Another technology basic is to build the principle of “least privilege” into the entire school network. It’s the digital version of limiting the physical access of students and staff only to what they need to do their work. Obviously, most don’t need access to files in the principal’s office. The IT department should segment its network, functioning as what some experts call a “DMZ” that lets users get access to what they need but nothing more.
Alex Serebreny, director, information security at Synopsys, said another way for technology to limit risk is to limit the attack surface. “Schools can’t afford to pay for multi-million-dollar detection tools nor 24x7 SOC [security operations center] teams to monitor them,” he said. “But moving off Windows to a managed Chrome OS device would be a good idea to reduce the attack surface.”
Still, security experts have been saying for a long time that the best technology in the world, including firewalls and secure software, won’t be enough if the people in an organization aren’t well trained in security awareness, like using strong passwords and recognizing social engineering attacks.
Most agree that the youngest students shouldn’t be expected to handle two-factor authentication (2FA). “Anyone who seriously proposes 2FA for schools should be required to alphabetize the contents of an elementary school lost-and found,” said Beth Linker, director, product management at the Synopsys Software Integrity Group. “Kids lose everything — you can’t give them a 2FA token.”
But most also agree that older students and the adult staff can and should use 2FA. Indeed, even young students, given that they are digital natives, are often more internet savvy than their parents.
The UK Council for Internet Safety, in its latest “Education for a Connected World” framework, says that children as young as 4–7 can understand and explain the basics of passwords and privacy. By ages 7–11 they should be able not only to explain what a strong password is and demonstrate how to create one, but also “describe effective ways people can manage passwords (e.g. storing them securely or saving them in the browser).”
And by age 11 and older, students should be able to explain the Internet of Things, know how to control their personal data online and use 2FA, the council said.
Training trumps technology
Multiple Synopsys experts said the biggest bang for not many bucks in improving school cybersecurity would be to spend time training the students.
“It’s a school after all,” said Grant Robertson, security engineer at the Synopsys Software Integrity Group. “I’d personally like to see every school running sessions on an irregular basis about web security. Give good information to kids when they’re young and they’ll teach their parents, grandparents etc.”
Michael White, applications engineer at the Synopsys Software Integrity Group, said even young children can be trained to spot social media phishing scams. “I wouldn’t focus on the technical stuff so much but consider awareness and social aspects with the goal of making the humans less vulnerable to begin with,” he said.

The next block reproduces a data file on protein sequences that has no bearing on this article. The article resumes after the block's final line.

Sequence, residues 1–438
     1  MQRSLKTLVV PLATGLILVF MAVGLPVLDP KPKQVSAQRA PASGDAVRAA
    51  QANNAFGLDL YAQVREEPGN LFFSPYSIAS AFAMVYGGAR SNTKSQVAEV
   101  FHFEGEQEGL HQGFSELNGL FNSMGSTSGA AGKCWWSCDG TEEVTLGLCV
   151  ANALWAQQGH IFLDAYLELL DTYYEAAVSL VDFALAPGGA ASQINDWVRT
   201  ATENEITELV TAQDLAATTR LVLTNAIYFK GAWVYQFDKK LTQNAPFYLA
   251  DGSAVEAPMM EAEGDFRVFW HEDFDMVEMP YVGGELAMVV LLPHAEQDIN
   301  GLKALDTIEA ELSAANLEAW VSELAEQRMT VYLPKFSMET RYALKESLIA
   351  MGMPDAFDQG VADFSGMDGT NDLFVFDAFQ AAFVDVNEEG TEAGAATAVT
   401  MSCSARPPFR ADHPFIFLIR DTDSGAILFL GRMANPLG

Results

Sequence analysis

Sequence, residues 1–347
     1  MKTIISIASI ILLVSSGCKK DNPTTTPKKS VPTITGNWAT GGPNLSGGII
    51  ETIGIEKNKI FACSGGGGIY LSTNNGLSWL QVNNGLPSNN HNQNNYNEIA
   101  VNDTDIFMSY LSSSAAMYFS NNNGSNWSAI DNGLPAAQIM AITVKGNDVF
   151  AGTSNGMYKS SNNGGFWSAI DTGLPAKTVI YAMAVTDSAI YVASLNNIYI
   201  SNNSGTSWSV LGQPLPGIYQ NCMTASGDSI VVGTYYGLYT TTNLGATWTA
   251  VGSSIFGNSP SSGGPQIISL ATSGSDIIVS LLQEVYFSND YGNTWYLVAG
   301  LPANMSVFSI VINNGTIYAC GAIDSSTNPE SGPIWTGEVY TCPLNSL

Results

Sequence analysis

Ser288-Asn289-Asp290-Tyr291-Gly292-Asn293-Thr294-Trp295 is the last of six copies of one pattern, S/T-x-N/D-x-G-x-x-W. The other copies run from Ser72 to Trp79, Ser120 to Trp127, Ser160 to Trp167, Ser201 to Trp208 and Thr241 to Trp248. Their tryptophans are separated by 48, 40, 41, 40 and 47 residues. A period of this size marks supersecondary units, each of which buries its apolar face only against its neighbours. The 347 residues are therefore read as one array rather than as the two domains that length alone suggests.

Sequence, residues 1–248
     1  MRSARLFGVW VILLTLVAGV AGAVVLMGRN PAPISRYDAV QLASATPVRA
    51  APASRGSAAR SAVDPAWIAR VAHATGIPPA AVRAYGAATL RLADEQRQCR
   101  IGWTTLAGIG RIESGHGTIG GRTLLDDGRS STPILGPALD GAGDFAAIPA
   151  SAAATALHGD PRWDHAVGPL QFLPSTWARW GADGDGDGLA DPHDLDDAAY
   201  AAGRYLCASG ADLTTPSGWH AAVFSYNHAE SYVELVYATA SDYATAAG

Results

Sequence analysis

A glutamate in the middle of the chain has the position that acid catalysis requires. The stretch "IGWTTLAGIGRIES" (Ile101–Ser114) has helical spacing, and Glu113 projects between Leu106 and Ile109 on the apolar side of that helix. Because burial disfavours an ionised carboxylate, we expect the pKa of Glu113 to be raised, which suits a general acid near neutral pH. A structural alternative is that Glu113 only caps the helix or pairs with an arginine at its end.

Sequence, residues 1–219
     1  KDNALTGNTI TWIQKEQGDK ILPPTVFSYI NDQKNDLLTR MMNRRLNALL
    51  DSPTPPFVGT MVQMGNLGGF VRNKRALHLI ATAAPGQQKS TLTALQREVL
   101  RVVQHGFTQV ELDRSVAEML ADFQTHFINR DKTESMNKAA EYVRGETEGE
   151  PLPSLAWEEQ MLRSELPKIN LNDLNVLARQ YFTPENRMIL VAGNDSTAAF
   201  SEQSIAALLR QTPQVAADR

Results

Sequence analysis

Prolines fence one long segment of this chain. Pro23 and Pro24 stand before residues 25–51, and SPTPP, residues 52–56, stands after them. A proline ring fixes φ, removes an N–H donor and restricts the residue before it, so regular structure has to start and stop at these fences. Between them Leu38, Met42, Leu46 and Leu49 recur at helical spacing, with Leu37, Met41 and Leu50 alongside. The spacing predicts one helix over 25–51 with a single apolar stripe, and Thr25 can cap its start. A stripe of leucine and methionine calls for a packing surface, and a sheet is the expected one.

Robertson agrees, with the caveat that “it should be fun and engaging, not boring IT classes about Outlook, Excel, or Word. They should start showing and explaining how computers work, how to set one up, and how to setup a Wi-Fi network securely. I could see this turning into a great school activity.”
Rachel Zahr, security solutions manager at the Synopsys Software Integrity Group, also agrees that the primary cyber threats to school systems are “novice internet users who don’t understand how to identify cybersecurity traps,” she said.
The way to address that, she said, is security awareness training, adding that there are free materials available online to help with that.
Because while she agrees that even the youngest students know a remarkable amount about how to use computers and smartphones, she said “safely interacting with their files, apps, email, and the internet is not something inherently taught.”
What is somewhat promising, Robertson said, is that a growing number of school districts are aware of their weaknesses. “Nowadays most schools know they aren’t experts and have started using COTS [commercial off-the-shelf] tools, which is a good thing.”
Ghosh encourages that as well. “Low-code/no-code should be the way to go — write as little proprietary code as possible,” he said.
Because even after the pandemic recedes, remote learning is likely to continue. “I predict that your traditional snow day where kids get a day off because of unsafe travel conditions could be transformed into a remote day,” Zahr said. “I think if a facility or classroom ever needs maintenance, repair, or needs to be shut down for a time, it will be an easier decision to make those classrooms remote,” she said.
In other words, the classroom can be anywhere. Which means security measures will have to adapt accordingly.